The course continued to head up and down along single track and rough steps.  I was finding the down far harder than the ups now made harder by running across the front of the cafe at Praa Sands.  Although i was tempted to stop and have breakfast with my emergency £20 in my bag which was part of the compulsary kit.  I pushed on knowing i had not much left to go.  As i attacked yet another almost vertical hill out of Praa Sands i met up with Victoria, a solo runner who was worried about reaching the check point before her cut off time.  This was the distraction i needed!  Like me she had turned 40 this year and had several ‘challenges’ set up to face in her 40th year.  1 being the whole 44 miles.  we plodded on together and chatted away, this took my mind off the pain and a reason to push on.  I was determined to help Victoria make the cut.

Either because the signage wasn’t great or we were talking we missed a sign and ended up in someone’s garden! A quick detour and we soon got back on track.  Pushing each other on to Parranuthnoe.  I knew we were getting near but had a few false alarms.  I must have said “Keep pushing it’s just around the corner about 3 times and then it came into sight.  You can see the flags of the checkpoint before anything else and then we had to run around a field and then down the road to the heck point.  Slightly distracted by a kestrel hovering 10 feet above us in the neighbouring field i pushed on, dragging poor Victoria on to the checkpoint.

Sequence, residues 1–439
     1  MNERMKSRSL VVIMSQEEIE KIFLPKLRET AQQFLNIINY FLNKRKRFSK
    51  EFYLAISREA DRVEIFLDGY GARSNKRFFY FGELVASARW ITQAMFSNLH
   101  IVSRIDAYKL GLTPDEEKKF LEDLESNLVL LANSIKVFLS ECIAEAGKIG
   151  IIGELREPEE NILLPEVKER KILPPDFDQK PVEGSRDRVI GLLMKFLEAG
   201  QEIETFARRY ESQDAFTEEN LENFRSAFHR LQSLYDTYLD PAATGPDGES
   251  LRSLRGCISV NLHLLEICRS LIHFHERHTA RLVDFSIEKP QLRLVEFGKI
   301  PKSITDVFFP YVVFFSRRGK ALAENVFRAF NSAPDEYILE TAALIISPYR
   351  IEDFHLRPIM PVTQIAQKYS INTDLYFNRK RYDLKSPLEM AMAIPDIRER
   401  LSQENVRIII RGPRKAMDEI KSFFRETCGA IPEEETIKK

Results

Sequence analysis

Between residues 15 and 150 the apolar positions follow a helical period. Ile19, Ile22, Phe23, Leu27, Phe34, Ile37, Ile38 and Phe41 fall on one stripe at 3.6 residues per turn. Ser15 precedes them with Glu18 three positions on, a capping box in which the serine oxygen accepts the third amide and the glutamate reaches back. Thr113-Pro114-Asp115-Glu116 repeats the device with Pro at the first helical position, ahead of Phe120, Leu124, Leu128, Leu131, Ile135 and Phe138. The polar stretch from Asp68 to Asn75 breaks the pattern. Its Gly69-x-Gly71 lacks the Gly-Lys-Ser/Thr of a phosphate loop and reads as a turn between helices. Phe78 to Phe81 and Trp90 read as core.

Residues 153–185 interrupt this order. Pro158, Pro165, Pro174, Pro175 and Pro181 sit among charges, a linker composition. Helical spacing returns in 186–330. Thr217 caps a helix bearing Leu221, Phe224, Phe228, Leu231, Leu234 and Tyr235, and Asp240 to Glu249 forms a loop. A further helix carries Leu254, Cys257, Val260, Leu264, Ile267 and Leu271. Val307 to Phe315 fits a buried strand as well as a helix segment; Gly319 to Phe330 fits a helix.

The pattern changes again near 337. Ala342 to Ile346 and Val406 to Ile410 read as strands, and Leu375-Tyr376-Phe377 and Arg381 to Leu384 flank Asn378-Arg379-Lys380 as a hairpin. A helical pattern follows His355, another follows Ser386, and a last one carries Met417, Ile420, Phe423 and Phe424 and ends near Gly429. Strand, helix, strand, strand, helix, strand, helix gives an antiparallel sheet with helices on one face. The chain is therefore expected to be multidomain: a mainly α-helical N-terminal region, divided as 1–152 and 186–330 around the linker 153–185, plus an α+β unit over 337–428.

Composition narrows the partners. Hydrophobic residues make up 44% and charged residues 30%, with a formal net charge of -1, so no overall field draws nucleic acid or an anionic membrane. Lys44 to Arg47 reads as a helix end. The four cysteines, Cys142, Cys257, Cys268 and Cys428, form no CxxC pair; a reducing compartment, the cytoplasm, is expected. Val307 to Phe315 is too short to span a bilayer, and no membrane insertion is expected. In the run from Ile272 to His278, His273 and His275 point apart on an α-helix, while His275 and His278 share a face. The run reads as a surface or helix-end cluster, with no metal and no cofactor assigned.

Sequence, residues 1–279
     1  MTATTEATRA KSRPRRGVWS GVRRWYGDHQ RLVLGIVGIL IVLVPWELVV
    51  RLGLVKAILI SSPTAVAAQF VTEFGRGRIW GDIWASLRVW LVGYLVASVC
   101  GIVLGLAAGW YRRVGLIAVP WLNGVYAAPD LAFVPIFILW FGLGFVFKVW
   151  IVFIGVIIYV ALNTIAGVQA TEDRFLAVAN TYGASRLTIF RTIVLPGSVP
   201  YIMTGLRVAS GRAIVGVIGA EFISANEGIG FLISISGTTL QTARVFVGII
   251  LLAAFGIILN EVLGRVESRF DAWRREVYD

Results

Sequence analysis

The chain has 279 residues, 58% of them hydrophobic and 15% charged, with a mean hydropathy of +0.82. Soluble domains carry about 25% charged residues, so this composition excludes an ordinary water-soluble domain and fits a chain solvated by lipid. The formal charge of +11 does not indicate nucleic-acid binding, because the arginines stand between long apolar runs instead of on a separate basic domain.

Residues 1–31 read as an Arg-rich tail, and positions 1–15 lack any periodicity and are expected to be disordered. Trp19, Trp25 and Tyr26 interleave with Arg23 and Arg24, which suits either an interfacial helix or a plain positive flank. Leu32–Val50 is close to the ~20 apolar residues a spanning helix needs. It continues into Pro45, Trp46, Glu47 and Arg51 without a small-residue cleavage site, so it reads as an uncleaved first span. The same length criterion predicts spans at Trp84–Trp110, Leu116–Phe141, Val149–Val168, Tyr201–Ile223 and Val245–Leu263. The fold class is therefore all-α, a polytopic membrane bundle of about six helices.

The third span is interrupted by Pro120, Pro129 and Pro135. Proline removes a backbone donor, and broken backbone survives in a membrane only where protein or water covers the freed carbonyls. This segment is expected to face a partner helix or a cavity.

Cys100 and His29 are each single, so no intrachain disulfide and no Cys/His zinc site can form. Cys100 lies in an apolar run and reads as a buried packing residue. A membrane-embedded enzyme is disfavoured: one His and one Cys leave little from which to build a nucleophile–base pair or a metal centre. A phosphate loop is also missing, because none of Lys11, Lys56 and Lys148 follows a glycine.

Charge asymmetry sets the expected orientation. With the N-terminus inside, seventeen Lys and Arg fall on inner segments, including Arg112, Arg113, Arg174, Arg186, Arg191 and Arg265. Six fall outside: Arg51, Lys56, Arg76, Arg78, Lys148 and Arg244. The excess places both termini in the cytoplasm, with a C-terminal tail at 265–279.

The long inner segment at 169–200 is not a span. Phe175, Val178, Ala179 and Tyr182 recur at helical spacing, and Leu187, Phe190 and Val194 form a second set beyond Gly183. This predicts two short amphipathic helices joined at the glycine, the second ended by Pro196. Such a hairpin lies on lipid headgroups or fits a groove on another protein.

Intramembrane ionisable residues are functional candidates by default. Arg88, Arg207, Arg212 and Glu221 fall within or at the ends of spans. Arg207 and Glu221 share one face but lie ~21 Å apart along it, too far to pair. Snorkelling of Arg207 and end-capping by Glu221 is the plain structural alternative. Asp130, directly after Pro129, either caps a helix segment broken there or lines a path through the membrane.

As i cross the road into the field and blip in i realised i had done it, maybe not as well as i hoped and not without some issues but it was done.  I handed over the chip timer to my Brother-in-law, wished him well and he setted off.  I followed Victoria to the food tent checking she had made the cut off time, she had and i helped her refuel with water and crisps.  I have done my 23 miles in 5hrs 1 minute, not as fast as i had hoped but with 1, 112m of climbing and jarring my back i was not going to complain!